The following is a post I made at AndroidCommunity.com regarding this subject. I figured out what I needed to know.
Originally from http://androidcommunity.com/forums/s...8879#post88879
For those of us using Linux:
Download the source code for ffmpeg and the amr_wb and amr_nb libraries (from what I could tell, the amr provide h263, which is all the G1 can decode). You'll have to google these last two -- it's how I found them, and they weren't exactly hiding, but they're not "free" as in speech like most Linux software, so they can't be redistributed. You will also want libmp3lame if you don't already have it, as well as libfaac0 and libfaad0.
When compiling ffmpeg, use the following command for the configuration:
./configure --enable-gpl --enable-libamr_nb --enable-libamr_wb --enable-libmp3lame --enable-libvorbis --enable-libfaac --enable-libfaad --enable-nonfree --enable-decoder=h263 --enable-encoder=h263
You may wish to have "checkinstall" installed. It provides an easy method of removing programs that were compiled from source (saves you from having to have the source around to run "make uninstall", which doesn't always work anyway).
After ffmpeg is installed, with all the above-mentioned libraries, the command is straightforward.
ffmpeg -i source-video.avi -s 480x320 -vcodec mpeg4 -acodec libfaac -ac 1 -ar 16000 -r 13 -ab 32000 -aspect 3:2 output-video.G1.mp4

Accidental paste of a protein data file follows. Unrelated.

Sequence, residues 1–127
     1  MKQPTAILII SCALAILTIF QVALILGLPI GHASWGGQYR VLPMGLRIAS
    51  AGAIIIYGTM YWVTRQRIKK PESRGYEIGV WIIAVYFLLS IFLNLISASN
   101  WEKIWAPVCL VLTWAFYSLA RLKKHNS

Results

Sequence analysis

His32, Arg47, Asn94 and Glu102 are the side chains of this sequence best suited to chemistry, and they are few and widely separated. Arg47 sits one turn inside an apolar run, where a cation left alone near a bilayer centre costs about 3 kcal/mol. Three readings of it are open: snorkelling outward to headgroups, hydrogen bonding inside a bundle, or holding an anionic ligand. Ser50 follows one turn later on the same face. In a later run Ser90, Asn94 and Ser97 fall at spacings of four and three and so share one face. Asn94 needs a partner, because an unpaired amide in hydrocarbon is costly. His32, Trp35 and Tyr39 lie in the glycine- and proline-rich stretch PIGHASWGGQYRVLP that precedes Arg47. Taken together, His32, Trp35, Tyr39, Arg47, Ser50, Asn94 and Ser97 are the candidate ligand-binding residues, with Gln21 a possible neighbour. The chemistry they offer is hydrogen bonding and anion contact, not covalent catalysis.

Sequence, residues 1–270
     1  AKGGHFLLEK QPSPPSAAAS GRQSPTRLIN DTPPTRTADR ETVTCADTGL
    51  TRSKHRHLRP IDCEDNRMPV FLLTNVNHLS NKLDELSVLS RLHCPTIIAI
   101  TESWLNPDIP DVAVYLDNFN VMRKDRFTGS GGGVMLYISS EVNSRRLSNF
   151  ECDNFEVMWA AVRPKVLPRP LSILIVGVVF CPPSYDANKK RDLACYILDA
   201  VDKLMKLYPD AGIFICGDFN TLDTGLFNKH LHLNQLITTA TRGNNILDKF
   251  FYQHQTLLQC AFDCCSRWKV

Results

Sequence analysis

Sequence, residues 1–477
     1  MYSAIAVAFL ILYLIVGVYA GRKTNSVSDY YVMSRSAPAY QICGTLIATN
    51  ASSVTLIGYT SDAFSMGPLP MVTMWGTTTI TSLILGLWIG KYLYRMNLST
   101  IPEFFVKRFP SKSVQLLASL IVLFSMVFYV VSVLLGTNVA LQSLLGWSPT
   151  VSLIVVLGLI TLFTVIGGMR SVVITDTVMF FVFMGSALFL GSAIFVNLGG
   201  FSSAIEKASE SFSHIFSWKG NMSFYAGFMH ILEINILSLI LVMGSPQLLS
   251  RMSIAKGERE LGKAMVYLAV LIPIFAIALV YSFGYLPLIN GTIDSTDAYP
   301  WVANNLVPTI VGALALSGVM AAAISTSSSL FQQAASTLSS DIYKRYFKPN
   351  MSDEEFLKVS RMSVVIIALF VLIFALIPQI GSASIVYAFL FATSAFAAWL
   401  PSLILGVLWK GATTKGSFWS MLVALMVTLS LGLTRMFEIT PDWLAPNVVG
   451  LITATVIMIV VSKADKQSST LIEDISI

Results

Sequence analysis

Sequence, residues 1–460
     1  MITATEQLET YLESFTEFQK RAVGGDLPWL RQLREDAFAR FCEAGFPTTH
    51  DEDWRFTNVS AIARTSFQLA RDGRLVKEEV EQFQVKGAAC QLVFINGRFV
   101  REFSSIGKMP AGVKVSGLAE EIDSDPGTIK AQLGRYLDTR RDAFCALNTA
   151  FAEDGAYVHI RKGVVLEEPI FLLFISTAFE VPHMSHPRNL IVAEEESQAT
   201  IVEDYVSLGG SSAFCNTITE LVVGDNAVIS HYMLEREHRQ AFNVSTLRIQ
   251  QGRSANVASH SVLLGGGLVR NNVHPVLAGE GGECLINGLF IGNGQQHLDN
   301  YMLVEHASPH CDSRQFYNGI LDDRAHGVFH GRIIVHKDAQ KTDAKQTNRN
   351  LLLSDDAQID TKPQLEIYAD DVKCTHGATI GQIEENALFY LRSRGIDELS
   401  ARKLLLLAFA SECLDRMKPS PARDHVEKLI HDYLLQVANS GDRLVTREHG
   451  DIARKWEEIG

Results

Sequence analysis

This is VERY basic. For full options, go to http://ffmpeg.mplayerhq.hu/ffmpeg-doc.html#SEC6
is "size" of output video. This gave me fits early on because I tried it before (via GUI wrappers, IIRC) and was told by the program that this size wasn't supported regardless of which codec I selected. I don't know what the diff is, but it works for me now.
Choices for G1 are mpeg4 and h263. IMHO I get better quality and marginally smaller file size with mpeg4.
is the audio codec. I know of no other choice here for this purpose.
Number of audio channels. Use 1 to save filesize since you only have one speaker. Unless you like wearing those painful earbuds all the time. Then use -ac 2.
Audio sampling rate in Hertz. Some formats won't work with anything other than 8kHz. 16 kHz seems okay to me, considering what I'm watching it on. Don't expect HiFi from a phone.
Frames per second. Larger is smoother, but 30 fps requires double the file size of 15 fps. 12 is about the slowest my eyes can comfortably watch. Since DVDs are right at 25 FPS, 12.5 being half of this, I go with 13.
bitrate of the audio -- 32 kbps in this case. Normally I'd balk at such low numbers, but remember, I'm trying to keep filesize low. I'm not broadcasting to a large audience with this, am I? No, it's for me. For you? Use your best judgement. Experiment a little.
Obviously, this is the aspect ratio of the output file. I'm not sure it matters, when the output size is being set before.
There are a few more options you'll need to know, but you have to do the math. Just like with the Windows side, your 16:9 or 4:3 isn't going to fit without stretching unless you pad it out.
, -padbottom #
, -padleft #
, -padright #
- number of pixels thick of padding (black bar) to put on this edge of the video.
I'll use The Terminal